“I can’t wait,” said 14-year-old Nassir Ali.

“I think it’s going to be great, because we finally got a stadium next to us, and we can just go there and watch basketball,” he said.

Times: Barclays has undercut Garden's high prices for performers, though doesn't always pass on the savings

In Barclays Arena Rivals the Garden’s Glow, a New York Times Arts piece today reports that the Brooklyn arena has already established itself by booking some major acts and offering dates, and rates, unavailable at the busy, expensive Madison Square Garden:
“I consider it a godsend Barclays arena is there,” said Randy Phillips, the chief executive of AEG Live, one of the largest promoters in the country. “Prior to this we were really kind of held hostage on a tour to the availability of Madison Square Garden.”

The new $1 billion arena rises at the intersection of Flatbush and Atlantic Avenues like a modern sculpture, evoking a crashed alien spacecraft with its rusted-steel-and-glass facade and swooping lines. Inside, it is a sleek study in gray and black broken only by bright digital banners, with steeply raked rows of black seats that descend from the street level into the arena’s bowl. With clear sightlines and acoustic panels over hard surfaces to minimize reverb and noise, the space seems intimate yet open. For some, it is a symbol of Brooklyn’s cultural and economic renaissance, a sign the borough has come back from the long slide that started when the Dodgers left in 1957. But it is also a symbol of the borough’s growing stature as center for the arts.
It's also a symbol of the Culture of Cheating.

The prices

The Times reports some news:
Not surprisingly, Barclays has undercut the Garden’s prices for performers, which are among the highest in the industry. Several promoters said a band stands to earn between $150,000 and $250,000 more for a sold-out show at Barclays than for one at the Garden. For concertgoers that means ticket prices for some shows will be lower at Barclays as well: Neil Young fans can buy a seat for $58 at Barclays, versus $63 at the Garden, according to Ticketmaster. Yet tickets to other big shows — the Who and Justin Bieber for instance — are roughly the same price at both places.
This suggests that either costs at Barclays are lower and/or arena promoters are taking an initial lower cut in other to garner attention.

The future

The Times reports:
Barclays is likely to develop its own distinct personality as well, as promoters and arena officials discover what sort of acts resonate there. Jay-Z’s run of eight shows and involvement may cement it as a popular hip-hop stage. It also could become a forum for emerging acts that cannot yet command high ticket prices, older artists who want a larger profit margin or performers with ties to Brooklyn’s vibrant indie-rock scene.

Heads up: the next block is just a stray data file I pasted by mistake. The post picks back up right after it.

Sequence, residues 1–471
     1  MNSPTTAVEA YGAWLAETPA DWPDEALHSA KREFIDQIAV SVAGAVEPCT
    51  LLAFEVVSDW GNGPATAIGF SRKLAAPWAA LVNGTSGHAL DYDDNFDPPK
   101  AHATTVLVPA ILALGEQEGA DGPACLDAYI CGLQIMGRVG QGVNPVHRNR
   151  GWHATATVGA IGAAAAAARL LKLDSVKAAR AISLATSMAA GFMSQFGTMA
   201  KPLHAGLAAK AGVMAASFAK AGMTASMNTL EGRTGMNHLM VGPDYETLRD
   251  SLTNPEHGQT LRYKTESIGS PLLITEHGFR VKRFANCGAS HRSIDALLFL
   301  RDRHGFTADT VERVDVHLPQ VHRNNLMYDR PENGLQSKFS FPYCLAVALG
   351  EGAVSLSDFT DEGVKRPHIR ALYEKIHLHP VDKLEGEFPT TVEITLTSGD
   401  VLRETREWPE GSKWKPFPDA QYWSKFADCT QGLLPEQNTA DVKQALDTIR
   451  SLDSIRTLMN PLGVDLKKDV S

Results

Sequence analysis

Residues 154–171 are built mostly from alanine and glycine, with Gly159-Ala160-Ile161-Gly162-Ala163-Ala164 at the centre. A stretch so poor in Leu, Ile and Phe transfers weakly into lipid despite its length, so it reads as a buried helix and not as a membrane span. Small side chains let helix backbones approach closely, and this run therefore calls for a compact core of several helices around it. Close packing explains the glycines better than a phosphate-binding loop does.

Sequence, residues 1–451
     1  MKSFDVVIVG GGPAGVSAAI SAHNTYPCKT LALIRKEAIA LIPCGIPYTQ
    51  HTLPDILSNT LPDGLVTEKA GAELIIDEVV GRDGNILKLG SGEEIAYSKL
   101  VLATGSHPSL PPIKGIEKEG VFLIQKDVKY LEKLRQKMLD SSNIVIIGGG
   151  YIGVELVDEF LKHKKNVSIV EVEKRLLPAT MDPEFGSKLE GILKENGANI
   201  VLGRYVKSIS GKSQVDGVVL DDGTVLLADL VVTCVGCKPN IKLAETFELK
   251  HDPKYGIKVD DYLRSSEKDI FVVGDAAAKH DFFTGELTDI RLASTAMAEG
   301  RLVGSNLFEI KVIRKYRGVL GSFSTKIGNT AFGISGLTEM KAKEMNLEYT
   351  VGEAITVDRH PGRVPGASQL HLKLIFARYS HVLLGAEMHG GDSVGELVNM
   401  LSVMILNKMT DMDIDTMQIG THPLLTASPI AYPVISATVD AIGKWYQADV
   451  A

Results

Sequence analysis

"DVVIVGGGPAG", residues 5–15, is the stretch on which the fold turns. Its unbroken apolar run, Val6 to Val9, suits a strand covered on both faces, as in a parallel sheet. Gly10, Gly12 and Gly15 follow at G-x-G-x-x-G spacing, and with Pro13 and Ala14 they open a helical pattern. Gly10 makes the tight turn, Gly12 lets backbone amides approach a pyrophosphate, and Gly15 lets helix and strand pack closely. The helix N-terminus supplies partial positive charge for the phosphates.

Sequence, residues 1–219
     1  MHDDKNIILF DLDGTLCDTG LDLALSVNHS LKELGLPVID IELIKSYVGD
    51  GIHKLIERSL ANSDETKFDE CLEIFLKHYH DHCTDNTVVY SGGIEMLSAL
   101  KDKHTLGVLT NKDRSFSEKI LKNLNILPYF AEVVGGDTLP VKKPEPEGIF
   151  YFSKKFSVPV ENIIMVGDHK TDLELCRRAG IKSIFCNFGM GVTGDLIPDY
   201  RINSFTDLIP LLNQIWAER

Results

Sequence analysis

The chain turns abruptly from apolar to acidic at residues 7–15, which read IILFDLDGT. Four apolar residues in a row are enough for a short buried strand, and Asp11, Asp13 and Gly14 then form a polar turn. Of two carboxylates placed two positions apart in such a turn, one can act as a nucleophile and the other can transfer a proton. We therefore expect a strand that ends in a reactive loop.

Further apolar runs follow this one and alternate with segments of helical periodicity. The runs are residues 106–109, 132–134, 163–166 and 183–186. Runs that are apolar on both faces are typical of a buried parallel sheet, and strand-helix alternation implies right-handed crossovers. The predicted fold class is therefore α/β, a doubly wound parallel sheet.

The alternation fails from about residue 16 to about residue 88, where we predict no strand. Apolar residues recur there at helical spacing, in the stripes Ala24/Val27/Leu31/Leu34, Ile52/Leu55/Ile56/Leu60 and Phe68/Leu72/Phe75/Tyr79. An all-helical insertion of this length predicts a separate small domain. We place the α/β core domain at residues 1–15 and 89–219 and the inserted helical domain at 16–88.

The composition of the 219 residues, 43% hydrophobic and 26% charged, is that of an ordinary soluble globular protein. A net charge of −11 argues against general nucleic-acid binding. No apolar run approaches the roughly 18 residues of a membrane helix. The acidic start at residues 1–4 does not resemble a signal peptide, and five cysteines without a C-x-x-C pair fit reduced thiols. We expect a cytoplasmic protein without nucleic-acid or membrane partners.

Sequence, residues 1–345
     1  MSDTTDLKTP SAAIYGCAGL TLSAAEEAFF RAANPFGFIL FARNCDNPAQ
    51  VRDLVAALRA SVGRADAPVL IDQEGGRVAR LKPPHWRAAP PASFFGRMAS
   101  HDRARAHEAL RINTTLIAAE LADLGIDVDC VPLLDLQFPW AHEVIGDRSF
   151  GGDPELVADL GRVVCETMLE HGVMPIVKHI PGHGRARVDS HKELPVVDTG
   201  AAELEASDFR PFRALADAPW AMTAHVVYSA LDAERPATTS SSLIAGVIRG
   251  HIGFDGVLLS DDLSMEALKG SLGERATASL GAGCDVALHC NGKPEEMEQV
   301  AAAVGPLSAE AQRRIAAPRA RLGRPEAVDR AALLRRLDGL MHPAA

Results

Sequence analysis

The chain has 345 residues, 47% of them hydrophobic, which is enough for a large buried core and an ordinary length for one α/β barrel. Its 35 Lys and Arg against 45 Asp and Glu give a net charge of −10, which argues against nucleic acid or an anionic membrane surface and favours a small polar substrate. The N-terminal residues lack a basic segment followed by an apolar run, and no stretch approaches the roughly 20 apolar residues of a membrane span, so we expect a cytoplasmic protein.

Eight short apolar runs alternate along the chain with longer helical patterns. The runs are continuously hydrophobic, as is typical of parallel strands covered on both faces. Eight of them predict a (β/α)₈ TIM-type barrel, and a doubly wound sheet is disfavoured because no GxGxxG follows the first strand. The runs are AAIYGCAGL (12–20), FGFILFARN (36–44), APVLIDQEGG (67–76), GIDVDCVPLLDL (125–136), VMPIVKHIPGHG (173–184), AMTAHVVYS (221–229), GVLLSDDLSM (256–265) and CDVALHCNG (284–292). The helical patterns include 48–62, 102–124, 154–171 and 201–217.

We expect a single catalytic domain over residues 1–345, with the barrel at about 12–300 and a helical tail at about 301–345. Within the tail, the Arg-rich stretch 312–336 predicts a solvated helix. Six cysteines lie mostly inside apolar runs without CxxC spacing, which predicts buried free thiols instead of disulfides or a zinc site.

How many other hip-hop acts has the Barclays Center booked? None, according to the events list. I think they very much don't want to be seen as a hip-hop venue.

The honeymoon

The Times reports:
[Jim Glancy, a partner in the Bowery Presents] said it will take time for the positions of the arenas to become defined. Barclays will enjoy a honeymoon period, as bands and their promoters give it a try, and the Garden’s renovations will not be completed until late next year. “The true test is years away,” Mr. Glancy said.
Indeed, though the test regarding the impact of arena operations starts tonight.

Post: many more food and beverage spots moving near arena

Anyone walking around and near the Barclays Center, especially on the Flatbush Avenue side, can see there are empty retail spaces--or non-consumer ones--that are surely to be transformed. The New York Post reports, in Eateries in mad dash to Barclays ’hood:
With rap mogul/Nets co-owner Jay-Z christening the venue with an eight-night concert run starting tonight, Danny Meyer burgers-and-fries joint Shake Shack plans to soon move into prime Flatbush Avenue real estate across the street from the 18,200-seat arena, sources said.

Landlord Michael Pintchik refused to comment on the deal but confirmed two other restaurants were coming to nearby Flatbush Avenue property he owns by Dean Street that should also have foodies salivating.

The owners of super-trendy Delicatessen and Macbar in Manhattan are opening an offshoot eatery called Elbow Room a block away on Flatbush Avenue that also specializes in gourmet mac-and-cheese dishes.

Moving in next door will be a Texas-style barbecue joint “featuring a top pitmaster from Austin, Texas,” Pintchik said.

More than a dozen other new eateries are also in the works within three square blocks of the arena.
That's a little confusing, because there's a place called Elbow Room in the arena, on Atlantic Avenue.

See the Post for more, including reports of a tripling of retail rents.

In Wall Street Journal, arena consultant Schwartz spins on prepaid parking, comparison to Madison Square Garden

Arena Parking in Play, the Wall Street Journal reported last night:
Some Brooklyn parking garage owners are jacking up prices and preparing special event rates in preparation for the thousands of people who may defy the warnings of city officials and drive to the Barclays Center when it opens Friday.
Ok, but what about the plan to provide nearly 2,000 pre-apaid parking spots "seamlessly," as promised by Sam Schwartz, consultant to the arena.

The Journal reports:
Only about 650 on-site parking spaces—including 150 for VIPs—were set aside, with the purpose of discouraging driving to Nets games, concerts and other events at the 18,000-seat capacity arena. Another 700 will be available through arrangements with private garages.